Top Ten Romantic Irish Novels
Here are ten of the best books for those in search of a little love
Whether you're an ebook fanatic or a hardcopy traditionalist, both sides will agree that there is no better time to take up a new book than sunny season.
With holidays booked, places to go and very little to do – all being well – a new book is just the ticket. And when it comes to genres, affairs of the heart are always high up on many reader's lists of preferences.
From James Joyce to Marian Keyes, Ireland's authors know a thing or two about writing romance. So, for those in search of a new title, here are ten of Ireland's best romantic novels, from the verging on saccharine to the experimental.
Lady Morgan: The Wild Irish Girl
This magnificent Victorian romance, penned in 1806 after the Act of Union, is just a bit symbolic. The story involves a young Englishman, Horatio, a kind of prodigal son who is banished to his aristocratic father's Irish estates.
Once there, Horatio visits the wild west Connaught coast and discovers not only a beautiful physical landscape but a beautiful princess, Giorvina, and the elements of the Gaelic culture he once scorned. Our hero assumes a disguise in order to learn the language and absorb the ancient history of the people he is growing to love.
A key text in terms of its nationalism, and featuring a generous tugging of the heart strings, with The Wild Irish Girl Lady Morgan wanted to study the 'purely national, purely natural character of an Irishwoman'. That she did.
Joan Lingard: Twelfth Day of July
What could be more romantic than a rendezvous between Catholic Kevin and Protestant Sadie set against the backdrop of the troubled streets of Belfast?
Twelfth Day of July was the first in Lingard's ground-breaking series of teen fiction titles, written just as the Troubles were about to begin in earnest. Sounds grim, but beneath the Romeo and Juliet-style rainclouds are some genuinely sunny set pieces, involving visits to the zoo and the seaside, stable experiences for young Belfast lovers of all persuasions.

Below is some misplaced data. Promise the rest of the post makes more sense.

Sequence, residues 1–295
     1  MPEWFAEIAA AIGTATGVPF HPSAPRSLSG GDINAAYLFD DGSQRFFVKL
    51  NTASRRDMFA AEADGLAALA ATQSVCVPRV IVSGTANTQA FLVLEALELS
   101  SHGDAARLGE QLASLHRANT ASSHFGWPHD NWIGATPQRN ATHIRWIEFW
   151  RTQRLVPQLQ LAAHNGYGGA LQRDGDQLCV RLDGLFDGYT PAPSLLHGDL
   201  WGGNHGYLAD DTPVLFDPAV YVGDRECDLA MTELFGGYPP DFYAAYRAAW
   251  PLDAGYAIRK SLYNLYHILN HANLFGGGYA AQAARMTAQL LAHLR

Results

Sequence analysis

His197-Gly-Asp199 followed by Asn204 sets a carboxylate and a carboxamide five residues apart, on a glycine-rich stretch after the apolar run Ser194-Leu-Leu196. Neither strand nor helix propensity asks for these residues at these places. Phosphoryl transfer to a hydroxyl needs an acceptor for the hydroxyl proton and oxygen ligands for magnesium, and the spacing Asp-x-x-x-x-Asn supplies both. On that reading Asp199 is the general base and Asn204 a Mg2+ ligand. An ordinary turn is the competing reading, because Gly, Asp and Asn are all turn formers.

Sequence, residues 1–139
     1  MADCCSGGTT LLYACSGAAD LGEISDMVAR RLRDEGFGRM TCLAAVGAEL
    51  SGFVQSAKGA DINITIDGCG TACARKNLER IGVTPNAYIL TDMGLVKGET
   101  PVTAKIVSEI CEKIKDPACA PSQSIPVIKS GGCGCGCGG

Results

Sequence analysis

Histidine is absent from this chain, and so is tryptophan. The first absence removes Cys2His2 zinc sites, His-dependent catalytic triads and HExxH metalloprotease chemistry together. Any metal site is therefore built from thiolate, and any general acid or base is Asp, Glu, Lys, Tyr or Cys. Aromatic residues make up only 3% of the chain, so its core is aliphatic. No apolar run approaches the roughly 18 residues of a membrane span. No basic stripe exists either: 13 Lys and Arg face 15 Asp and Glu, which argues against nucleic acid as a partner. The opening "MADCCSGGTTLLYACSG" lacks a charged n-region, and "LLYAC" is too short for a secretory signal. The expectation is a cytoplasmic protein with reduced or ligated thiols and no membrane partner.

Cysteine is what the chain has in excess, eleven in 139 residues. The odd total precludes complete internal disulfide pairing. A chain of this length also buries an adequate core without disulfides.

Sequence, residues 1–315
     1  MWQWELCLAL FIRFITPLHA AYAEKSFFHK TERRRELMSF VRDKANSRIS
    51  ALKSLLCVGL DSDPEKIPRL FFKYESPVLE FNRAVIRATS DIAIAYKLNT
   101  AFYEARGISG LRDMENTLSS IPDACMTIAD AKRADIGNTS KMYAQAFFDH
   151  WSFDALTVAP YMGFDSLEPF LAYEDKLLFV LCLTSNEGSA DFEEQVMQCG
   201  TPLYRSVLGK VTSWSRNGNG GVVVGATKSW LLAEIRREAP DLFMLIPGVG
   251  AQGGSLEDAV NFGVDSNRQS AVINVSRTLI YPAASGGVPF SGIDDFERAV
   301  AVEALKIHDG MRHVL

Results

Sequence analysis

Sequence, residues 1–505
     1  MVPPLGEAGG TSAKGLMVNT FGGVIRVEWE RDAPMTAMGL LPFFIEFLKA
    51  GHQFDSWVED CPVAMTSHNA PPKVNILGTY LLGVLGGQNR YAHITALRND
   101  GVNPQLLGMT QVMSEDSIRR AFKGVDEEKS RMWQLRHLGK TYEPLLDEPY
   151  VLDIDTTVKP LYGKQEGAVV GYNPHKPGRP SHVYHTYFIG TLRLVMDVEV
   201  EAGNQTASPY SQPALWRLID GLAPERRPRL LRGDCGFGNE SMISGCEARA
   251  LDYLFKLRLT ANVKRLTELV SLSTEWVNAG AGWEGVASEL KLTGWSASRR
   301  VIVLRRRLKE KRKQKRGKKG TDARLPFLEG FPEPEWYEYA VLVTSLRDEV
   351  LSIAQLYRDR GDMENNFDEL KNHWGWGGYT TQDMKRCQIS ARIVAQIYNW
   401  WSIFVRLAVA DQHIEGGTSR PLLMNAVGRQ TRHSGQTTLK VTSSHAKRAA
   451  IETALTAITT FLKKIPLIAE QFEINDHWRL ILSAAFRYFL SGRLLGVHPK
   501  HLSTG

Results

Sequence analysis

Transgressive across the barricades romances subsequently became compulsory in Irish fiction as a result of the success of Lingard's work.
Marian Keyes: Lucy Sullivan is Getting Married
Keyes is undoubtedly the Irish Helen Fielding, effortlessly fusing observational comedy with romantic yearning.
The plot to this 1996 offering (which became Ireland's No. 1 bestseller in just five days) concerns, as in so many romantic comedies before, our heroine's quest for real love, in this case involving Mr Right, the good looking non-eejit who will be her reward for surviving the singleton's trawl through a series of no-hopers.
Lucy visits a fortune teller and learns that she is set to be married soon, which is good, although nobody obvious springs to our heroine's mind, which isn't so good. Possible candidates include near-alcoholic Gus, her oldest friend Daniel and American Chuck. Not to mention Adrian, the man from the video shop.
Droll touches undercut what could be quite a sentimental affair – of one contender, Lucy notes: 'He was wild and dangerous and carefree – well, he would be, wouldn't he?' – and the novel ends with... but you probably guessed that already.
Ciaran Carson: The Pen Friend